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How Big is Your Breakfast Footprint? part of 2012 Sustainability in Math Workshop:Activities
Ben Galluzzo, Shippensburg University
Calculation of a carbon footprint resulting from common breakfast choices illustrates the importance of contextualization.

The Costs of Your Commute: Your Money, Your Time, and the Earth part of 2012 Sustainability in Math Workshop:Activities
Charlie Buehrle
This activity has students investigate their own cost, CO2 output, and time for commuting. They then compare their commute to an environmentally conscious alternative by using comparable metrics.

Biking vs Driving part of 2012 Sustainability in Math Workshop:Activities
Deirdre Smeltzer
How much difference would biking to work one day per week make?

One day it is too hot and other days it is too cold. Do we need to replace the HVAC system? part of 2012 Sustainability in Math Workshop:Activities
Monika Kiss
This project will allow students to create a mathematical model to help in making decision about replacing HVAC units on a large scale.

Estimating OUR Carbon Footprint part of 2012 Sustainability in Math Workshop:Activities
Ben Galluzzo, Shippensburg University; Jean McGivney-Burelle; Rikki Wagstrom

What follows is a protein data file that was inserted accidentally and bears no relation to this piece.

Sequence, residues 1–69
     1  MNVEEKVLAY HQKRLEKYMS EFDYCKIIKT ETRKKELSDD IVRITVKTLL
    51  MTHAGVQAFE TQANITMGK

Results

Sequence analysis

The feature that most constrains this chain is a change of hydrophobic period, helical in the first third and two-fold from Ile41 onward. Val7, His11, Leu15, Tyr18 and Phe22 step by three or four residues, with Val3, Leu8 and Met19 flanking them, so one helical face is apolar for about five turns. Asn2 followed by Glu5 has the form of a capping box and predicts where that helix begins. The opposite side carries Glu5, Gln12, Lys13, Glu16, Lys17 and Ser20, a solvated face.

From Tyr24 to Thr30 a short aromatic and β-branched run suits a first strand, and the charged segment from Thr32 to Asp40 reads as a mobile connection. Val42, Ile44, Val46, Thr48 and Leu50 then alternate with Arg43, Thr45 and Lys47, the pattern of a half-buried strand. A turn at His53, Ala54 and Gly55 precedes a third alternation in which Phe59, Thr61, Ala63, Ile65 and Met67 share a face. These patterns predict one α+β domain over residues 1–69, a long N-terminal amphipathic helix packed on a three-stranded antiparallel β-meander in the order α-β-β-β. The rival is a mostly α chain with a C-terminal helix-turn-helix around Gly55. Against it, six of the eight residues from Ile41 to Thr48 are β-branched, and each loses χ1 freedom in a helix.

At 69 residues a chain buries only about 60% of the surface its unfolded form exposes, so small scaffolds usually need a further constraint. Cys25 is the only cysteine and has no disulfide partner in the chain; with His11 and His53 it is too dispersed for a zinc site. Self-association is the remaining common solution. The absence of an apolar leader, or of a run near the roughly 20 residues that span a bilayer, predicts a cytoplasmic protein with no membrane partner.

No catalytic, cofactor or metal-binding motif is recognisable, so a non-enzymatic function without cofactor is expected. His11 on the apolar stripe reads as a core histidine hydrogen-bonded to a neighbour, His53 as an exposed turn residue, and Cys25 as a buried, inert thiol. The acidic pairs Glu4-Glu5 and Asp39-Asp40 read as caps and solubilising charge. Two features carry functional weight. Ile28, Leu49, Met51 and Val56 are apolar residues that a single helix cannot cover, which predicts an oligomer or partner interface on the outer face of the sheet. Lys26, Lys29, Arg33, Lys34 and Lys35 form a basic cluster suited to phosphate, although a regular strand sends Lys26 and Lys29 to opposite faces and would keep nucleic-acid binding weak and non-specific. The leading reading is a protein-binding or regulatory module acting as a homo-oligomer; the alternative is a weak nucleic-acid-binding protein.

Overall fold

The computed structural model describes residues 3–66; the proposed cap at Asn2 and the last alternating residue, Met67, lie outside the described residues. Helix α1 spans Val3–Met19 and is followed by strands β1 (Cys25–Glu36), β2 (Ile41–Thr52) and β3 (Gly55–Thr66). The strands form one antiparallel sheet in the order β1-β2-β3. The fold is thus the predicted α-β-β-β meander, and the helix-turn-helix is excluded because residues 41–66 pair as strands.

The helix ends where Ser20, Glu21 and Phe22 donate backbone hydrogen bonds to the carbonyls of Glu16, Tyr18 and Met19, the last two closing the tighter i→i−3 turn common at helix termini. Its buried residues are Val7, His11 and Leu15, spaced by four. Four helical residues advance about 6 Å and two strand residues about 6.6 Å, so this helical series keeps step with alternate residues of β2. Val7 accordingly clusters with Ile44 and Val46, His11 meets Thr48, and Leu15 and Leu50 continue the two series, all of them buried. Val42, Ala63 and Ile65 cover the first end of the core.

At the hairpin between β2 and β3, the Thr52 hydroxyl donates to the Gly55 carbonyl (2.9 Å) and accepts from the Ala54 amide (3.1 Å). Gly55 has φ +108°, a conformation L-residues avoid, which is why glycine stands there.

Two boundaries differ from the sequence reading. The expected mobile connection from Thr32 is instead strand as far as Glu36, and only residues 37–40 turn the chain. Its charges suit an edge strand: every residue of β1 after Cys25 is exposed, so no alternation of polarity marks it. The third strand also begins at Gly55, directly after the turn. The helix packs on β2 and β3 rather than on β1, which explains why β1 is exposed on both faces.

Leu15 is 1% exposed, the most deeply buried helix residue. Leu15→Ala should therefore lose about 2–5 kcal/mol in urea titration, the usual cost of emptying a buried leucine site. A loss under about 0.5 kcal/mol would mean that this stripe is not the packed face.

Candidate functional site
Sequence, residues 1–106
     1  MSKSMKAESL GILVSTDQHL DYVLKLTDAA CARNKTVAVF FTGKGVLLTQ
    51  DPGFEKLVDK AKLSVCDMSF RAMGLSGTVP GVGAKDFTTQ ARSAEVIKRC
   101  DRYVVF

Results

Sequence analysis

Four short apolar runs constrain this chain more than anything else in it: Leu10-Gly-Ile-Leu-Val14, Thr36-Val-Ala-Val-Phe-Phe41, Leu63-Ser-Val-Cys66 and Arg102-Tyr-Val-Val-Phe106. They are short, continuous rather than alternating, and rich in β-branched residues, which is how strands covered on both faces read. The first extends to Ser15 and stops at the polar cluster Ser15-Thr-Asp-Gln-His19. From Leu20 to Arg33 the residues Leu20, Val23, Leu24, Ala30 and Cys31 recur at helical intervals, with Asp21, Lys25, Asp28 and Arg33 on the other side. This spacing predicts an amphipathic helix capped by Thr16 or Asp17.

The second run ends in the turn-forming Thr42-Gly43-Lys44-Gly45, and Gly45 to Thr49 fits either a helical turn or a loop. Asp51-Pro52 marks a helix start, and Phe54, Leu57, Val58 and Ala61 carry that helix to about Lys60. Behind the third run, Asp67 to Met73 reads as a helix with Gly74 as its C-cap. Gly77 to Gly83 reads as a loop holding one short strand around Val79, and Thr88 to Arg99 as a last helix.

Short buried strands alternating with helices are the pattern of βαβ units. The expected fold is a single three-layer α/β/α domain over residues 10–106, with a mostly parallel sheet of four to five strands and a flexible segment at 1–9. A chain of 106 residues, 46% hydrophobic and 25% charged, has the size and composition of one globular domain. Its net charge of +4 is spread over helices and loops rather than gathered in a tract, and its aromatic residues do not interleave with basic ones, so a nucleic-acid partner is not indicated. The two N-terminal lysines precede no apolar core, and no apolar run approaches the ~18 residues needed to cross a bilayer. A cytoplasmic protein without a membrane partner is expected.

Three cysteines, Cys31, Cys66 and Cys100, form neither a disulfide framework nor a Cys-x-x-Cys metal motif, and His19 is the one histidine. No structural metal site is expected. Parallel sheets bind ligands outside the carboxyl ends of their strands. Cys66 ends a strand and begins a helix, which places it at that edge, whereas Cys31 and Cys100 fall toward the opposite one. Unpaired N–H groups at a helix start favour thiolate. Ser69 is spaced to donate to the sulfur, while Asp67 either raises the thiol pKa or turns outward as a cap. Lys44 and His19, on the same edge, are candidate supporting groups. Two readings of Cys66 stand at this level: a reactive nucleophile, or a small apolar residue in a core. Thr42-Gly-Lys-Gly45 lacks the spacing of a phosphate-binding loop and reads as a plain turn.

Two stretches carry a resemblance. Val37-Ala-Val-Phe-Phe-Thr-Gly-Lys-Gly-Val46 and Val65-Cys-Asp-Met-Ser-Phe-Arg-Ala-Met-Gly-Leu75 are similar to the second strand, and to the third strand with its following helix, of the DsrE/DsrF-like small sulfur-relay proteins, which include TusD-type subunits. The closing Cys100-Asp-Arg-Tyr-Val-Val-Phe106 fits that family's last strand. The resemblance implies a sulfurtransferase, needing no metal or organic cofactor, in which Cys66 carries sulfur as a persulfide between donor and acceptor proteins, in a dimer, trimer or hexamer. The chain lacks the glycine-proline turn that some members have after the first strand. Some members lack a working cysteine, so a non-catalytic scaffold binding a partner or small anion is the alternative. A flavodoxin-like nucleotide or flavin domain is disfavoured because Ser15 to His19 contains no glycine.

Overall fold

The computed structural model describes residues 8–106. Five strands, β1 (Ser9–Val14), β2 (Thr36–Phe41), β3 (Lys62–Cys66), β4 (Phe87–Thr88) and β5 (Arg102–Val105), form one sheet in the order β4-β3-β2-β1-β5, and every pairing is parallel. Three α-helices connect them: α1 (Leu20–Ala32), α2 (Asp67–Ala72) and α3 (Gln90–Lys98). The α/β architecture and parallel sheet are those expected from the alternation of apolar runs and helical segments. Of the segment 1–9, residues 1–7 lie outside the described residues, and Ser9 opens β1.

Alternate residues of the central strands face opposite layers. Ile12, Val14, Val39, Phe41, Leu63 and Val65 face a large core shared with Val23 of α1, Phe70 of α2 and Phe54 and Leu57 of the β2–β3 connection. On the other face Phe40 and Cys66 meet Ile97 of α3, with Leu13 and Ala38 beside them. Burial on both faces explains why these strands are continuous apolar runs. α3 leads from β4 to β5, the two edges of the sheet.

Description here.

Exploring Personal Footprints part of Curriculum for the Bioregion:Activities
Bev Farb, Everett Community College
Students apply the main research methods in sociology to explore their personal footprints (i.e., the global consequences of their individual actions).

Social Change and the Climate Crisis: Toward a Sustainable Future part of Curriculum for the Bioregion:Activities
Mary Lou Finley, Antioch University
Students gain hands-on research experience and increase their understanding of the applicability of theories of social change and further information about climate change.

Sustainable Solutions for an Aging Population part of Curriculum for the Bioregion:Activities
Kathryn Keith, Pierce College
This activity will help students develop an understanding of the social and cultural dimensions of the lifespan, and in particular of the aging process; and, to further develop their ability to think long-term and multi-dimensionally as they apply anthropological concepts and approaches to a current issue in American society.

Bottled Versus Tap Water: What You Drink and Why part of Curriculum for the Bioregion:Activities
Marie Villarba, Seattle Central Community College
In the activity students learn about the properties of solutions, acidity and pH, electrolytes versus non-electrolytes, and solution concentration. Hopefully, this activity will also dispel common misconceptions about tap water and bottled beverages.

Clothes Washers Life Cycle- Cost and Environmental Performance part of Curriculum for the Bioregion:Activities
Christopher Quarles and Miguel Hernandez, Everett Community College
Students in math and business classes work together in groups to evaluate and compare cost and environmental performance of different clothes washers.

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